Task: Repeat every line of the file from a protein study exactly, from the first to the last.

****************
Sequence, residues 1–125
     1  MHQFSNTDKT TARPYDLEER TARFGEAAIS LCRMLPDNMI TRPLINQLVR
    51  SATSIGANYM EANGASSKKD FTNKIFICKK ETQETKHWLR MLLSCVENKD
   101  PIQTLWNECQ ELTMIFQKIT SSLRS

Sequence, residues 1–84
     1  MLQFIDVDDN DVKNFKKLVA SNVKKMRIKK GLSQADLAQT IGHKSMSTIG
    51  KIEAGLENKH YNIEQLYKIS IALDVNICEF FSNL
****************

Sequence, residues 1–125
     1  MHQFSNTDKT TARPYDLEER TARFGEAAIS LCRMLPDNMI TRPLINQLVR
    51  SATSIGANYM EANGASSKKD FTNKIFICKK ETQETKHWLR MLLSCVENKD
   101  PIQTLWNECQ ELTMIFQKIT SSLRS

Sequence, residues 1–84
     1  MLQFIDVDDN DVKNFKKLVA SNVKKMRIKK GLSQADLAQT IGHKSMSTIG
    51  KIEAGLENKH YNIEQLYKIS IALDVNICEF FSNL